Heart Medications

Given the many conditions that affect the heart, it's no surprise that hundreds of medications have been developed to treat heart disease and related conditions. Medications are available to:

·       lower cholesterol

·       lower blood pressure

·       slow the heart rate

·       stop abnormal heart rhythms

·       improve the force of heart contractions

·       improve circulation in the coronary arteries (nitrates and other anti-angina medications)

·       prevent blood from clotting (anticoagulants (also known as blood thinners) and antiplatelet agents)

·       break apart clots that have formed in an artery or vein (thrombolytics, also known as clot busters)

·       remove excess water from the body (diuretics, also known as water pills)

The development of these medications have helped dramatically decrease death rates from cardiovascular disease in the United States and other developed countries.

Heart Medications Articles

For "bad" cholesterol, lower is better; dual drug therapy may help

High cholesterol, in particular high low-density lipoprotein (LDL), the so-called bad cholesterol, is a key cause of heart disease. A large clinical trial called IMPROVE-IT set out in 2005 to answer two key questions about LDL: The results of IMPROVE-IT were recently published in The New England Journal of Medicine. Dr. Deepak L. Bhatt, Editor in Chief of the Harvard Heart Letter, talked about the significance of the IMPROVE-IT findings with Dr. Christopher P. Cannon, the trial's lead investigator, and Dr. John A. Jarcho, an editor of The New England Journal of Medicine. More »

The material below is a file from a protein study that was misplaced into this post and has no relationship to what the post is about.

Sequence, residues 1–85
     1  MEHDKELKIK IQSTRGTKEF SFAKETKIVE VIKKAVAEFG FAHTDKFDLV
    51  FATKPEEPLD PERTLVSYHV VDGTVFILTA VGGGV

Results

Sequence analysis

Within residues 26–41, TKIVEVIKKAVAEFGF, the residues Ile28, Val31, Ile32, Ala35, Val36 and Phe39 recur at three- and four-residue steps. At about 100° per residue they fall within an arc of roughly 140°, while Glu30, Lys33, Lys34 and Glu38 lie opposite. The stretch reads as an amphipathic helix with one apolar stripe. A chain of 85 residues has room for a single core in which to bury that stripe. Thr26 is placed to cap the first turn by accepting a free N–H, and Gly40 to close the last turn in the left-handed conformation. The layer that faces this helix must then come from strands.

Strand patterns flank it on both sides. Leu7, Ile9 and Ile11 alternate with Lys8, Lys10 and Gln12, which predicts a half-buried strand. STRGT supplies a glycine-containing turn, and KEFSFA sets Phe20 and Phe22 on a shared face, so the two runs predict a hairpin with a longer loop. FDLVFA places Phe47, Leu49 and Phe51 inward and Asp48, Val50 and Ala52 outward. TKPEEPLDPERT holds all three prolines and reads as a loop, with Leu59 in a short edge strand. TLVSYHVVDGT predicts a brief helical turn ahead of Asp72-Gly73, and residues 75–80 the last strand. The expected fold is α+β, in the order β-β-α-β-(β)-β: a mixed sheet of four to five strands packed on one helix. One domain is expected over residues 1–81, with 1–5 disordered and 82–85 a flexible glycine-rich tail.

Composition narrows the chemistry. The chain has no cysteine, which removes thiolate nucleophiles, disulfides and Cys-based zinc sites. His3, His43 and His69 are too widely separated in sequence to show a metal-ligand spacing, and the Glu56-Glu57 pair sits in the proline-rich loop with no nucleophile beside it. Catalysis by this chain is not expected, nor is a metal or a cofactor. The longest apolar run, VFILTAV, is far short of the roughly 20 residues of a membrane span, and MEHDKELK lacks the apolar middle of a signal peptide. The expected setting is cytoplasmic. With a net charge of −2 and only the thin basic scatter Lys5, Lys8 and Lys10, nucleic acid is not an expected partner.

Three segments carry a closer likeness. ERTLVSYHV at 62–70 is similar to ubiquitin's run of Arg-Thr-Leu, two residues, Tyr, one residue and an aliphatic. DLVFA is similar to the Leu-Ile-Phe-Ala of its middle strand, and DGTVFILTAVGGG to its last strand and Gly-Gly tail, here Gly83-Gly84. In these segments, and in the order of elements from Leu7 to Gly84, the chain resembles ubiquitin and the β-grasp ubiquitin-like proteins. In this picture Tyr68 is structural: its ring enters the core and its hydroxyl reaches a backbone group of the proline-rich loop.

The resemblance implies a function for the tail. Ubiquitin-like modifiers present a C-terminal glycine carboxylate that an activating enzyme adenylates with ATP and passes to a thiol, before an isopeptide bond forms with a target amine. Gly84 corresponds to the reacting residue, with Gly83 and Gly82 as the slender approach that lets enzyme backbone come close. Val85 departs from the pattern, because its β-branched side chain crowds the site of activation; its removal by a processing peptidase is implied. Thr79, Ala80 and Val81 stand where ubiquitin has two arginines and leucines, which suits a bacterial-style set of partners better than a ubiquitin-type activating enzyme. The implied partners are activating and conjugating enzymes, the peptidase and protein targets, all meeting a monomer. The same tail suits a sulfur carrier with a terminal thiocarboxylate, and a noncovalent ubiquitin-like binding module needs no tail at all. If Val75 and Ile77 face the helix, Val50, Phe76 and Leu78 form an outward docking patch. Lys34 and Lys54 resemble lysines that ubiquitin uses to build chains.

Gain more weight, get more GERD

A study in Norway found that weight gain was directly tied to experiencing new chronic heartburn symptoms. Losing weight is the long-term solution to heartburn, though acid-reducing medication soothes symptoms in the short run. More »

Ask the doctor: What is pericarditis?

Pericarditis, an inflammation of the sac that surrounds the heart, causes a sharp, stabbing pain in the chest. Ibuprofen or similar anti-inflammatory drugs can help, and the condition usually resolves within two weeks. (Locked) More »

New thinking about beta blockers

For people with high blood pressure, beta blockers are no longer a first line of defense. Research has shown that other medications are more effective at reducing blood pressure—particularly angiotensin-converting enzyme (ACE) inhibitors, angiotensin-receptor blockers (ARBs), calcium-channel blockers, and diuretics. However, beta blockers are still commonly prescribed to people who’ve had a heart attack, and to people with heart failure or an irregular heartbeat. Beta blocker use may result in side effects such as fatigue and erectile dysfunction. (Locked) More »

Dizzy spells when you stand up: When should you worry?

Orthostatic hypotension is a drop in blood pressure when standing up from a sitting or lying position. With aging, the body may be less able to quickly compensate for such drops in blood pressure. Medications and dehydration can contribute. For mild cases, adjusting medications, drinking enough water, and rising slowly can solve the problem. If it ever leads to loss of consciousness or a fall, it can be dangerous. In severe cases, medication may be necessary. (Locked) More »